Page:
The list of symptoms of the coronavirus is long, although most of them can appear in other medical conditions as well. Therefore, a positive diagnosis requires a PCR test.
The virus has been shown to affect the eyes, with healthcare workers describing patients with COVID-19 with red eyes or pink eye symptoms.
A study details the case of a young woman whose main reason for going to the doctor was redness and discharge in the eye, a condition doctors later diagnosed as keratoconjunctivitis.
The patient had mild respiratory symptoms and did not initially qualify for a COVID-19 test. After several visits to ophthalmologists, she was finally tested, with samples from her eye also testing positive for the virus.
The clinical presentation of COVID-19 can include a variety of symptoms, but not all patients have the same signs and many infected people are asymptomatic. The new coronavirus does not even display as many specific signs that would allow doctors to diagnose infectious disease without a PCR test. Sudden loss of smell and taste is one of those unique symptoms that can appear after a COVID-19 infection. But not for everyone.
This is not the only downside to these non-specific symptoms of COVID-19. You might panic anytime you encounter a potential symptom of COVID-19 because you will have no way of knowing if it’s the virus or something else. Only a test can give you peace of mind, as the virus can infect various parts of the body, not just the lungs. The eye is a place where the virus can multiply, giving you a red eye or a pink eye that you wouldn’t necessarily associate with COVID-19. However, you should definitely be aware of this possibility, as this manifestation of COVID-19 could be serious and could even impact your eyesight.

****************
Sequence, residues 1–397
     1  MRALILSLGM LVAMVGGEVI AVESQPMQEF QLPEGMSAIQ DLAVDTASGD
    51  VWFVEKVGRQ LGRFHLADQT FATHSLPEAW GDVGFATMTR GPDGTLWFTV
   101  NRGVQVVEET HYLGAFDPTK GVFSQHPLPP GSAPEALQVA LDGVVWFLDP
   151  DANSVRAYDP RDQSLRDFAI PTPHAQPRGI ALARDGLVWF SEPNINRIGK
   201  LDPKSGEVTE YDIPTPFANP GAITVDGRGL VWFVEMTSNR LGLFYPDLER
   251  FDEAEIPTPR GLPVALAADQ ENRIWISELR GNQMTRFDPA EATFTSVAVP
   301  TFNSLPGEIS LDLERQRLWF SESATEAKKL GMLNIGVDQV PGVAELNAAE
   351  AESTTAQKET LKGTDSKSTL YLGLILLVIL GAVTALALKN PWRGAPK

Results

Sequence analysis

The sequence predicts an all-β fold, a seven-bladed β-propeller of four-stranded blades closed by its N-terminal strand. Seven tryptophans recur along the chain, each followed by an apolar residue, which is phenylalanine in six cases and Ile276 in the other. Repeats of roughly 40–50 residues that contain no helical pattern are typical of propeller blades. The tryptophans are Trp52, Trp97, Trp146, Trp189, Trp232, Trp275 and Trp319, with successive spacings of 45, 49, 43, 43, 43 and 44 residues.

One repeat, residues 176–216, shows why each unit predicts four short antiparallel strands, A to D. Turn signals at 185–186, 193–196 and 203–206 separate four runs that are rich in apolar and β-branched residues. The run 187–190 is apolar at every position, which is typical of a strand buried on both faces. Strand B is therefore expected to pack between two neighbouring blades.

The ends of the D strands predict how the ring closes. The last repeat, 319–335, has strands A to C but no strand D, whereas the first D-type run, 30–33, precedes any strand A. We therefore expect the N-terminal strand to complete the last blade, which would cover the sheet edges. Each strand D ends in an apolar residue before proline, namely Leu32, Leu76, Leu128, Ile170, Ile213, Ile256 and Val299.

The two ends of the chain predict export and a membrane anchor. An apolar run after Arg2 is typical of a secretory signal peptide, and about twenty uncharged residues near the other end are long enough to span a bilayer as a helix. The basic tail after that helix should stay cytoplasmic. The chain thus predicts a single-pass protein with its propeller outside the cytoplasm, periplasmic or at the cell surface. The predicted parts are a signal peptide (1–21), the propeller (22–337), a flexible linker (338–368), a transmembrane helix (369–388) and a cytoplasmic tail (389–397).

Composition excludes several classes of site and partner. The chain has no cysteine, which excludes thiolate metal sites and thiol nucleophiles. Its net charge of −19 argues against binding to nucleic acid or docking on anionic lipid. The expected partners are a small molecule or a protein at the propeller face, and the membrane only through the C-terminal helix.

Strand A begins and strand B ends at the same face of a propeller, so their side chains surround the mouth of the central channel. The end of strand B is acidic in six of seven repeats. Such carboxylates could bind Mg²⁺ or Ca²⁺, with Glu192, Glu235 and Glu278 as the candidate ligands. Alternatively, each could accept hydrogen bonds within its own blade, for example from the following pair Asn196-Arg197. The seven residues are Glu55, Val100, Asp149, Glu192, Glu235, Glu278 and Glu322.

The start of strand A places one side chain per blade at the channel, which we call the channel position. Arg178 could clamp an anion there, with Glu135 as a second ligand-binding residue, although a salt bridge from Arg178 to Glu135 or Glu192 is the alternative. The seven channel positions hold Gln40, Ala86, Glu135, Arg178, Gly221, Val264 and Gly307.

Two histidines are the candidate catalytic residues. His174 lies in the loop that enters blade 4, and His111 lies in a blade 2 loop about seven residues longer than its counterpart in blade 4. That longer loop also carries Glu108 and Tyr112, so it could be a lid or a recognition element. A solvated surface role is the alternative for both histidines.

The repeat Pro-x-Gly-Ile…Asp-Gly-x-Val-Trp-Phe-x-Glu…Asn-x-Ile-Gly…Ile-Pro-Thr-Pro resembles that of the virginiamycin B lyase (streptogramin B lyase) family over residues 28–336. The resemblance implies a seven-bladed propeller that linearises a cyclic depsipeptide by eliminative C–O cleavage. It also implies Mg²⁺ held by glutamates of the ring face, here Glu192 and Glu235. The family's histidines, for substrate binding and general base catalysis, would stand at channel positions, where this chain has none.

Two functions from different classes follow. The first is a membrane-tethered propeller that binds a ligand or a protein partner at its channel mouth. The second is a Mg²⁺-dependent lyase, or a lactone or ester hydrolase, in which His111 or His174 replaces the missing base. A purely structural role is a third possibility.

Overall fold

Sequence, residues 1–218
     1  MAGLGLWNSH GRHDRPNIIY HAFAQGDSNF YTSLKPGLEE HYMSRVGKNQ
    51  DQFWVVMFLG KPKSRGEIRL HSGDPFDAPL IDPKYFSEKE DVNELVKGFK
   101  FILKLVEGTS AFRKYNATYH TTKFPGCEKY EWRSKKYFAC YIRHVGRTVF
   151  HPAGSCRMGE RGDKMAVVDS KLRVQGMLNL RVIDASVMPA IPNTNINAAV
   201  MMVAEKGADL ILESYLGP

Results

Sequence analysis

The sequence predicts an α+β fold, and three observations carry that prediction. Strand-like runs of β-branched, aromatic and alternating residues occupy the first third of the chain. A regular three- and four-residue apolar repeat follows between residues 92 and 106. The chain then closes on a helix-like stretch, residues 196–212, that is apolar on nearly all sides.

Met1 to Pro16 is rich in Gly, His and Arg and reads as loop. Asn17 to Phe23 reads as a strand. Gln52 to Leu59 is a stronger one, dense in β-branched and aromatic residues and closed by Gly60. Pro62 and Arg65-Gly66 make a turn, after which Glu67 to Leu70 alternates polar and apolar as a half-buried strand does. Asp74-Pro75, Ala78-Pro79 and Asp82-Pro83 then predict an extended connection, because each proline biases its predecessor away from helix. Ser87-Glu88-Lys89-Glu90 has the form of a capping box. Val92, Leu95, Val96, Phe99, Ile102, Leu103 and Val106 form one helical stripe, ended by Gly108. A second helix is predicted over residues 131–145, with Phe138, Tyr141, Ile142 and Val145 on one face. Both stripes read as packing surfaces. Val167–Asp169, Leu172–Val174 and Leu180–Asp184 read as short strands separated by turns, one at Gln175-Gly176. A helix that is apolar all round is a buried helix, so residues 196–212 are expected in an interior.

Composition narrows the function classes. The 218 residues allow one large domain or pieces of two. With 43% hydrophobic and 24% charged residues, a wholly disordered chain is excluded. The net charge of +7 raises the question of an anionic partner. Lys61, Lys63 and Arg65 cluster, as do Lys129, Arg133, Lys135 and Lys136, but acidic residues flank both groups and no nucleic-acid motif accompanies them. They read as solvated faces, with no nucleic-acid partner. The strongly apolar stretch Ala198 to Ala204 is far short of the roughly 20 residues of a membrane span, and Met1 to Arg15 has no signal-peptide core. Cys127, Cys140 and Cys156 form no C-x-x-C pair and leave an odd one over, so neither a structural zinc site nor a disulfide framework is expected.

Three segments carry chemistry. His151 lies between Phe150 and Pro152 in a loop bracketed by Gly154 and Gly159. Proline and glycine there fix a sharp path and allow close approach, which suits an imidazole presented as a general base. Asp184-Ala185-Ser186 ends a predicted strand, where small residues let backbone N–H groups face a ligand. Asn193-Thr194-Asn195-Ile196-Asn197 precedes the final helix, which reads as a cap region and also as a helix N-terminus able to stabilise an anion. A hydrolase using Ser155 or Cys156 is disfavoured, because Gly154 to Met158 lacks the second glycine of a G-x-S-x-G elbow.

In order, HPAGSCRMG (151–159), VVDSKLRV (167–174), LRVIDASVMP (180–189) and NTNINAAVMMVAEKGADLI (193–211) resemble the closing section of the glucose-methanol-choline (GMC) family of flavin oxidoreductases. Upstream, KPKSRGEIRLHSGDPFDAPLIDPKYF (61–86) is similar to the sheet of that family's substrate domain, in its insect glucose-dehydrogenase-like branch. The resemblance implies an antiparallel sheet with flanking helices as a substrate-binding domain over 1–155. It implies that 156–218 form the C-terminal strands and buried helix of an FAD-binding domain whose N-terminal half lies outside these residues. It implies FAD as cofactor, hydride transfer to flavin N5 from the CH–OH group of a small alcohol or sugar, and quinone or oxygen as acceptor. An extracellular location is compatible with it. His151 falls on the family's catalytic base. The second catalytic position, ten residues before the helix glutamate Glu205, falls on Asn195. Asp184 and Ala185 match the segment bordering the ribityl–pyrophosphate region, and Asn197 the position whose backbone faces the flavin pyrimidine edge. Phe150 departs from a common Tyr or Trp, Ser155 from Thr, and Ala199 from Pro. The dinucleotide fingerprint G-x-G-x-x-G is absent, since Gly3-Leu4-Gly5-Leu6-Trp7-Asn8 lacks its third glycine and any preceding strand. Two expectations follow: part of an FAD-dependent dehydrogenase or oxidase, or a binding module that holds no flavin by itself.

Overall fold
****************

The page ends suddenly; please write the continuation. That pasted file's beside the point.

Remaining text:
A nurse in Kirkland, Wash., Said in late March that every patient she saw after testing positive for coronavirus had red eyes. They called the phenomenon “allergic eyes” because allergies can give you the same condition. Other healthcare workers noticed the same symptom in Canada in early March, detailing a case of keratoconjunctivitis in a 29-year-old patient who showed no other major signs of COVID-19 infection. The study was published in the Canadian Journal of Ophthalmology.
The young woman spent a month in the Philippines and a day in San Francisco before returning to Canada. After a day of conjunctivitis, a clear watery discharge, and photophobia in her right eye, she went to an ophthalmologist. Other symptoms included rhinorrhea, cough, and nasal congestion, which we now know can be caused by COVID-19. She didn’t have a fever, but the over-the-counter medication she took may have masked it.
She returned on February 29 and went to the hospital several times in early March with worsening eye symptoms. She was diagnosed with keratoconjunctivitis, a complex eye condition.
The anatomy of the human eye. Image source: macrovector / Adobe
As the name suggests, the diagnosis consists of two distinct elements. Keratitis is the inflammation of the cornea or the transparent part of the eye in front of the pupil and iris. Conjunctivitis, on the other hand, is the inflammation of the transparent tissue that covers the white of the eye and the surface of the eyelid. In either case, you can call it red eye or pink eye – the illustration above shows the anatomy of the eye.